From 2014-2017, the Council partnered with the Parliamentary Office of Science and Technology (POST) to support three Fellowships to promote informed debate of bioethics among Parliamentarians. Each Fellow was responsible for developing a briefing note on an area of public policy that raises bioethical issues.
Global Health Inequalities
This briefing note for Parliamentarians was published in May 2017, and was researched by the Council’s Fellow Stephen Barrie. The POSTnote reviews trends in global health inequalities and the different ways in which these have been measured. It examines different approaches to reducing health inequalities and challenges in implementing targets such as the Millennium Development Goals, the Sustainable Development Goals and Universal Health Coverage.
- On our blog: Reflections from a Nuffield Bioethics Parliamentary Fellow – by Stephen Barrie (February 2016)
In January 2017, a briefing note for Parliamentarians was published that considers approaches to promoting integrity in research.
The POSTnote was researched and produced by the Council’s Fellow, Cressida Auckland. The briefing considers current approaches to fostering an environment conducive to good research in the UK, and detecting and preventing practices that fall short of expected standards. It also examines the current mechanisms for supporting integrity in the UK, whether these are sufficient, or if another form of oversight, such as regulation, might be preferable. The note includes references to the Council’s report on the culture of scientific research, published in 2014.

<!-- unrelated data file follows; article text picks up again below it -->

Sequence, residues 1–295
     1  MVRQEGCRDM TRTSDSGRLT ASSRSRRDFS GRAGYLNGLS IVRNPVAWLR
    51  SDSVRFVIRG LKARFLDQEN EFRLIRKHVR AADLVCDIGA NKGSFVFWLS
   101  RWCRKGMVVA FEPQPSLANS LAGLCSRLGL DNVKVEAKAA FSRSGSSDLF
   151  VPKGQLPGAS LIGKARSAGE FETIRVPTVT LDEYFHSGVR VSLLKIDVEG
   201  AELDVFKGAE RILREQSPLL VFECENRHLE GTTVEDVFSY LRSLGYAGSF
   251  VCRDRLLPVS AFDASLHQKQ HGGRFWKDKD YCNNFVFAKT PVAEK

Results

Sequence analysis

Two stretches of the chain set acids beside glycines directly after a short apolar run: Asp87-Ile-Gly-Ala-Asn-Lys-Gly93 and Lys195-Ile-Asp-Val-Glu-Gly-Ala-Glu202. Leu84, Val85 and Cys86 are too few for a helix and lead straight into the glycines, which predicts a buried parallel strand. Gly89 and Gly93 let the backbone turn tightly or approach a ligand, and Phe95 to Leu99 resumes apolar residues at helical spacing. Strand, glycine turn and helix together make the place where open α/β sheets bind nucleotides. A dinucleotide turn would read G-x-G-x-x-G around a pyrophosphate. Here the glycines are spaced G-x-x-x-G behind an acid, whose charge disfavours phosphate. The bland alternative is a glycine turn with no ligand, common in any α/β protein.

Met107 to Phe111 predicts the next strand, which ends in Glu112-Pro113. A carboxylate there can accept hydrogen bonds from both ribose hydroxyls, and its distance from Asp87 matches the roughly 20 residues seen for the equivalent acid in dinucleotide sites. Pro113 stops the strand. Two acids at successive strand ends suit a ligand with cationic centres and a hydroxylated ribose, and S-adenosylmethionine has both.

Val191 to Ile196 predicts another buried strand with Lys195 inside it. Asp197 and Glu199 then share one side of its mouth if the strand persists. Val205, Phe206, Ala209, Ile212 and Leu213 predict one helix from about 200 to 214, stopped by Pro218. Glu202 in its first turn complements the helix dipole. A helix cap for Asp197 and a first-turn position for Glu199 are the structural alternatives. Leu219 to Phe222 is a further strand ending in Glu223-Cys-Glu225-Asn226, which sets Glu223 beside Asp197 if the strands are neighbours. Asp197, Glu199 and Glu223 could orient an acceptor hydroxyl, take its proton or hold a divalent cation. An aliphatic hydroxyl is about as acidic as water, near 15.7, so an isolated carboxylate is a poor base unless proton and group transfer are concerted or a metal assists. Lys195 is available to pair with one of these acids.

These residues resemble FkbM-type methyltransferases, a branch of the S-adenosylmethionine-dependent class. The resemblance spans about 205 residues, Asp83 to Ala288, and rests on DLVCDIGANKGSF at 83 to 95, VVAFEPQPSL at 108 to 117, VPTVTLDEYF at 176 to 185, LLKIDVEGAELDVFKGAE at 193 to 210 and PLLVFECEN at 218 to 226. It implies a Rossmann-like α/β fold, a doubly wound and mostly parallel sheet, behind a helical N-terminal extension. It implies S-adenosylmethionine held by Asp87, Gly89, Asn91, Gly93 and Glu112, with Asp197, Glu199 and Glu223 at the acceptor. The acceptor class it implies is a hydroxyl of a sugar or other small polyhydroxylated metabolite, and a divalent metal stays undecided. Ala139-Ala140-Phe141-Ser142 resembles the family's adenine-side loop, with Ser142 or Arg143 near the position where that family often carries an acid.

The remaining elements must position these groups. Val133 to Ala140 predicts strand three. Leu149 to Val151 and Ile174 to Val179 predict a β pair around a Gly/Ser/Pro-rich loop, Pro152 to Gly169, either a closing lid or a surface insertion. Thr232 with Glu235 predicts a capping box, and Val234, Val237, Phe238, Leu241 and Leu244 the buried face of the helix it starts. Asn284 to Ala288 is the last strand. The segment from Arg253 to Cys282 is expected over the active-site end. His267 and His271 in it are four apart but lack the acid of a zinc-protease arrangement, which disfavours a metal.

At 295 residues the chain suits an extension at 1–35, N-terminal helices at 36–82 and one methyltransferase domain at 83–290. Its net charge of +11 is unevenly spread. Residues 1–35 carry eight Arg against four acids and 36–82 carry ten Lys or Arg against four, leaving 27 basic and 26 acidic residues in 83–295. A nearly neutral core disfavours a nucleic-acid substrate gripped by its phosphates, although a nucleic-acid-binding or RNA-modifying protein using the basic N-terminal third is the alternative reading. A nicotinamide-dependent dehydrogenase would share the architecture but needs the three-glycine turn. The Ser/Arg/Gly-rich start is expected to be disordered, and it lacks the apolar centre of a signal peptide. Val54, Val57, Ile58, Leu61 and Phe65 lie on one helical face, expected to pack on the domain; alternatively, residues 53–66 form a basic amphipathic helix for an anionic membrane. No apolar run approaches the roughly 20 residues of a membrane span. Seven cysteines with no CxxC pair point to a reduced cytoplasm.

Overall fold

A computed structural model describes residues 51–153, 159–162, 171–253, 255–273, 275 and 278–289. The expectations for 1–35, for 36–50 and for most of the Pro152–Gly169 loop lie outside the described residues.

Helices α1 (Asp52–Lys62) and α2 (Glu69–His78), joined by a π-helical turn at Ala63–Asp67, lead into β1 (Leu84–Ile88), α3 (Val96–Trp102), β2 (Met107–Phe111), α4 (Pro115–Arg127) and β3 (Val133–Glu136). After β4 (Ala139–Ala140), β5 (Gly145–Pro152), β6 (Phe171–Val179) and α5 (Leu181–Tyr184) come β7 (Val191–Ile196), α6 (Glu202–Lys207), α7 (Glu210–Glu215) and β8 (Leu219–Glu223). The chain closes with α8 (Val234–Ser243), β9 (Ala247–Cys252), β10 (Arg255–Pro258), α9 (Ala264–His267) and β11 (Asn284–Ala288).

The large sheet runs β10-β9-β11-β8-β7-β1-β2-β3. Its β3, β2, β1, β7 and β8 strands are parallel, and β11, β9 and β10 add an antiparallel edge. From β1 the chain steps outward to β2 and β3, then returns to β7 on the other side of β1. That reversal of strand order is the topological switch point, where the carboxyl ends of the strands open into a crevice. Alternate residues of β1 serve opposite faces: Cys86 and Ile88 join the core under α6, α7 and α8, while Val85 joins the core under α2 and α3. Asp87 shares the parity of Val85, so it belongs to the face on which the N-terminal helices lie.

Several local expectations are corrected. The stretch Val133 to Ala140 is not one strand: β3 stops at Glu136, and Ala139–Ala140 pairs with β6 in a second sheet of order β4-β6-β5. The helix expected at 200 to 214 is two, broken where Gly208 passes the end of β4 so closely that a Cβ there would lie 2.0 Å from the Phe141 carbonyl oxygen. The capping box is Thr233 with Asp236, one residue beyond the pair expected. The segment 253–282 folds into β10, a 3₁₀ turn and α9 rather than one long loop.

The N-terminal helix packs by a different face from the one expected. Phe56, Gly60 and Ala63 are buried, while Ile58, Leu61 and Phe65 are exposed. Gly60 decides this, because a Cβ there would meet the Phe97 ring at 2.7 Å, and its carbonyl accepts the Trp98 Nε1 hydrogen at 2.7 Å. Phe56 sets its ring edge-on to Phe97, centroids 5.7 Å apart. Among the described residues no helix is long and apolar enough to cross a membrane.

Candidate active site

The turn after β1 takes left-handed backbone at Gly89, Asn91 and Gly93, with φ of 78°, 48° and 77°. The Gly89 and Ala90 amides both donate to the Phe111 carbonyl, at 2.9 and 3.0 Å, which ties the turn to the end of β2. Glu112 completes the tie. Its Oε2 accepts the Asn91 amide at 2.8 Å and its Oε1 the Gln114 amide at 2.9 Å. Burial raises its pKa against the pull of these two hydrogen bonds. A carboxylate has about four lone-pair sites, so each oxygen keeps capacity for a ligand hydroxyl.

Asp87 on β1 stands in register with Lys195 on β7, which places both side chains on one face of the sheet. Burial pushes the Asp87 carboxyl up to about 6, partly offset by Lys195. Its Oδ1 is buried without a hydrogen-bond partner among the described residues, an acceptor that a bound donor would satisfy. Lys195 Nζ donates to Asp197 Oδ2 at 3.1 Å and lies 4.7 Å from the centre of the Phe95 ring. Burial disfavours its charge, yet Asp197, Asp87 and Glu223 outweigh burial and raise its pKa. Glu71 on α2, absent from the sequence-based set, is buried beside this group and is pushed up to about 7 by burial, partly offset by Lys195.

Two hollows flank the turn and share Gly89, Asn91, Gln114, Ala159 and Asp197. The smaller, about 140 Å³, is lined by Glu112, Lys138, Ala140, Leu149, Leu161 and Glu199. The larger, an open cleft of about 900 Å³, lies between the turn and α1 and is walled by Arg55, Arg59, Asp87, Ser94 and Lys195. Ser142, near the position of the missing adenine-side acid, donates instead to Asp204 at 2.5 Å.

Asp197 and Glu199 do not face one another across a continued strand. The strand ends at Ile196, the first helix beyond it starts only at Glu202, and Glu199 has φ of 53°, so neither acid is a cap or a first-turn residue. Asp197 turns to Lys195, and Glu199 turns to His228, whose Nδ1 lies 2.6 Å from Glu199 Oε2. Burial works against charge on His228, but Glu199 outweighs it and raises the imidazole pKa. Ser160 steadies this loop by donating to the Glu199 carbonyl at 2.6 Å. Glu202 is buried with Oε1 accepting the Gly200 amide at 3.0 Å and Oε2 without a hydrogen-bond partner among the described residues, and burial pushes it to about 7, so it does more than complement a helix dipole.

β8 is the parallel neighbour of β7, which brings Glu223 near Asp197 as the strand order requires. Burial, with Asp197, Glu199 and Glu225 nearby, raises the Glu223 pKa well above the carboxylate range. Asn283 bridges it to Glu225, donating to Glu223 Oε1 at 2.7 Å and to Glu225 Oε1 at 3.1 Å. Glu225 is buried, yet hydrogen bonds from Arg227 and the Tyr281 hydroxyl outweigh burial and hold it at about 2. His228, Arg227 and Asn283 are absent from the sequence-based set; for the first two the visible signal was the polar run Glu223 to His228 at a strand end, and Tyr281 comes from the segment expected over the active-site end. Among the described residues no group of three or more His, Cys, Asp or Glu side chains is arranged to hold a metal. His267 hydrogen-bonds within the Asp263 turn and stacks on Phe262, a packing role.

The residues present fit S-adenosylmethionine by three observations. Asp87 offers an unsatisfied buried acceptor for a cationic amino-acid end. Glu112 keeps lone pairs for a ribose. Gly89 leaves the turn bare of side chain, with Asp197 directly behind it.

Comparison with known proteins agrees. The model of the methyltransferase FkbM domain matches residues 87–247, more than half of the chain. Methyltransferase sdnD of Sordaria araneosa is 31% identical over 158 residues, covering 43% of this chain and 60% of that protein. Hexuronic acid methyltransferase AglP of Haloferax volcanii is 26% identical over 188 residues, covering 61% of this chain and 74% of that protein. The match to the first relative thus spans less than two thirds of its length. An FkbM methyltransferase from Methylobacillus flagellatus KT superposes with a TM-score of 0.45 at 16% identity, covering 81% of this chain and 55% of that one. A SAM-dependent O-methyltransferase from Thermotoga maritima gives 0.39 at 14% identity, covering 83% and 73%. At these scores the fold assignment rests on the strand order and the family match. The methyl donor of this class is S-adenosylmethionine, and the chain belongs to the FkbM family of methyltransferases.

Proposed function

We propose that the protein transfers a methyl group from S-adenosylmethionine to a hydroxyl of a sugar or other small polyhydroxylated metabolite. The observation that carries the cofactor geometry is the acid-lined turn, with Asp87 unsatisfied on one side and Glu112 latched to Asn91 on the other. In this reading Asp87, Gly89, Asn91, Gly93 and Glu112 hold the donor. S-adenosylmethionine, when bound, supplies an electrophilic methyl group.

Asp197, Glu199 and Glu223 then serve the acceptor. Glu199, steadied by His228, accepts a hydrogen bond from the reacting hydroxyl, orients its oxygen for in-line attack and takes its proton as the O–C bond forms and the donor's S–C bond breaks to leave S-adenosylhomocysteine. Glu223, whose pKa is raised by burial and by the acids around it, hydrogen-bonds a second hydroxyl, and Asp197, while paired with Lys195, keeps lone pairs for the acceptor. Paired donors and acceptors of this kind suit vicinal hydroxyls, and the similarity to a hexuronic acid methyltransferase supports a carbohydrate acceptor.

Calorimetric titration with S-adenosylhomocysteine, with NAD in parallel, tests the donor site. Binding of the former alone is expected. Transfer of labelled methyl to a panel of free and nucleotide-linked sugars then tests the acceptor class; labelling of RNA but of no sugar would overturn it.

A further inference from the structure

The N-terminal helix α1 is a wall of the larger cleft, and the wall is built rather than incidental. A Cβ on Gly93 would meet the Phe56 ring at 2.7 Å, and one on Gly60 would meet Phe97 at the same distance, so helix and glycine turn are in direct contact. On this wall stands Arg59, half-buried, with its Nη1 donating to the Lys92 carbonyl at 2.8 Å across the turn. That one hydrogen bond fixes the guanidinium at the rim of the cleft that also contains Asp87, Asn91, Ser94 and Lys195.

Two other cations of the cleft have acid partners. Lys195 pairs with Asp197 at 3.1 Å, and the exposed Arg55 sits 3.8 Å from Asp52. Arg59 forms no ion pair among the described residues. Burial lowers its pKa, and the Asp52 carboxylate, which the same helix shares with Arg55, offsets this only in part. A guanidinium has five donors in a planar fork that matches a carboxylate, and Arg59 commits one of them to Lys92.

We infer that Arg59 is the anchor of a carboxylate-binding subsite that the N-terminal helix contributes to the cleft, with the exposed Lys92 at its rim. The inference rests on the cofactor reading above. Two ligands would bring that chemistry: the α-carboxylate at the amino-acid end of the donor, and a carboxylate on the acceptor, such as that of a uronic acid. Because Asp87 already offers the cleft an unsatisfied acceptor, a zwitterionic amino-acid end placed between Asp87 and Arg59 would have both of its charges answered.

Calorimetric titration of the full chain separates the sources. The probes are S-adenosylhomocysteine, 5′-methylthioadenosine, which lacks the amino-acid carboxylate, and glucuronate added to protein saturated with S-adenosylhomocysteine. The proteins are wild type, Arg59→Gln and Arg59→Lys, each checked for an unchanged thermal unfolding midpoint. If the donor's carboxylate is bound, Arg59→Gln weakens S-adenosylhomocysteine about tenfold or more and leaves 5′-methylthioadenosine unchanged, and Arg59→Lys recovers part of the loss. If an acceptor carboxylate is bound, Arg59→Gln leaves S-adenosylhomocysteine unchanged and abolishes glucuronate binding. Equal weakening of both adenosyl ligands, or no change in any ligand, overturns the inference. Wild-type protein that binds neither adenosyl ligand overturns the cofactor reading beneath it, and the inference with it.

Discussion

- On our blog: Bioethics and Parliament: my Fellowship at POST – by Cressida Auckland (January 2017)
This POSTnote was a key motivation of the establishment of the House of Commons Science and Technology Committee inquiry on research integrity, which was announced the day after this note was published. The Council was subsequently invited to give evidence to this inquiry in October 2017.
In July 2014, a briefing note for Parliamentarians was published describing the ethical, legal and practical issues raised by biobanks – for example, whether people who donate samples to biobanks should be informed of any health related information resulting from research conducted with their data, and the challenges of linking primary care records to biobank data.
The POSTnote was researched and produced by the Council’s first Fellow, Clare Wenham, a PhD student from Aberystwyth University.
- On our blog: Biobanks, bioethics and three months in Parliament – by Clare Wenham, (July 2015)